UT law adjunct professor to argue case before U.S. Supreme Court

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William Allensworth, attorney and adjunct professor at UT, will become one of the few attorneys in America to present a case before the United States Supreme Court next month. 

Allensworth will argue against lawyers from the Atlantic Marine Construction Company in a case concerning forum-selection clauses — agreements between business firms selecting courts where potential legal disputes will be decided. Hearings will begin Oct. 9. 

Allensworth said he values what he views as an opportunity not many lawyers encounter.

“There are over 300,000 attorneys in America,” Allensworth said. “But there are only 75-80 Supreme Court cases per year.”

The Atlantic Marine Construction Company’s contract with J-Crew Management — represented by Allensworth — contained a forum-selection clause that said litigation would be held in Virginia. Because the majority of the contract was executed in Texas, Texas courts overruled the clause. Allensworth said the clauses are typically managed by district courts which determine reasonable jurisdiction. 

Allensworth said after his case had won in the district court and in the 5th Circuit Appellate Court, his opponent appealed to the Supreme Court. He said he was not expecting the court to take the case. 

“That’s the bad news,” Allensworth said. “The good news is that it is the U.S. Supreme Court.”

Allensworth has been practicing law for 35 years and said he is excited and nervous about this opportunity.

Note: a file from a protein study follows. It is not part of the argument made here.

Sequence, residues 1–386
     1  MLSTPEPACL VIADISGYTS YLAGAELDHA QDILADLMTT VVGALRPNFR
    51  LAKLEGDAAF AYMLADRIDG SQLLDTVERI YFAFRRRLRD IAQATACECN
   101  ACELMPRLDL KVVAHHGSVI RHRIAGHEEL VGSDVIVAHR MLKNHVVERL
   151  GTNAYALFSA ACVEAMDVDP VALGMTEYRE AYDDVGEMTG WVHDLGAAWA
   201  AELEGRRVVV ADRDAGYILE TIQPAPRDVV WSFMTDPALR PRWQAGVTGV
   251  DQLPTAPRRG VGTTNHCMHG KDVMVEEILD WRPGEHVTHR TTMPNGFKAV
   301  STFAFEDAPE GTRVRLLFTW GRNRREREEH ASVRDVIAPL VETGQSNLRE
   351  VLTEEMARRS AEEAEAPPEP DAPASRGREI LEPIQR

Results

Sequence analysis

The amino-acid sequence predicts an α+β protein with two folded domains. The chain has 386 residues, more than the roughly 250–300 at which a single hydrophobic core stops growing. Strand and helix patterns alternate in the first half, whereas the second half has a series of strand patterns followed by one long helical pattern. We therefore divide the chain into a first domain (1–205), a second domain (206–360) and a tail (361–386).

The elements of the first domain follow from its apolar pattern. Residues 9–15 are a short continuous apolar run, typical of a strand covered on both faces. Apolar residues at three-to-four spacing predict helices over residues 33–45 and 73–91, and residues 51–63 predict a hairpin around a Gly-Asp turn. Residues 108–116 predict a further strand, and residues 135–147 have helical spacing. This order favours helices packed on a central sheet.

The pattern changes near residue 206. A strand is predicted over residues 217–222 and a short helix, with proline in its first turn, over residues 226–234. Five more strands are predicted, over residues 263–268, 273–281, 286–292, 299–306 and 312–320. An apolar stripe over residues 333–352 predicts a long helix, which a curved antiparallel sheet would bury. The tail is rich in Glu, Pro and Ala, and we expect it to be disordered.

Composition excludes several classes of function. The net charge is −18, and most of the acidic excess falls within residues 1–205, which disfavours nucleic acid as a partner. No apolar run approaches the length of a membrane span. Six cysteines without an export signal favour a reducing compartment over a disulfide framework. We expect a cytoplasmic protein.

“Our case could affect policy,” Allensworth said. “It will affect all venue decisions. We will be sitting 15 feet from the nine Supreme Court Justices. That’s intimidating.”

Allensworth’s assistant, Chad Simon, has been practicing law for seven years and has been with Allensworth’s firm for two years. Simon presented the case at the district and 5th Circuit courts. Simon was once a student in Allensworth’s class.

“I think it’s great that the University brings in professors with real world experience,” Simon said.

Allensworth said his current case has been part of his classroom discussion this semester and that his students have shown interest in the subject.

“The students want to talk more about the case than the usual topics,” Allensworth said.

David Donaldson, journalism lecturer who teaches media law, said the interpretation of the clause can often depend on how it was written.

“If it’s something the parties negotiated over — that’s probably binding,” Donaldson said. “But if it’s just a standard form they always use, then judges might be looking at other factors to determine a reasonable forum selection.”

Donaldson said he was pleased for Allensworth, whom he has known for many years. 

“This is an exciting time for him,” he said.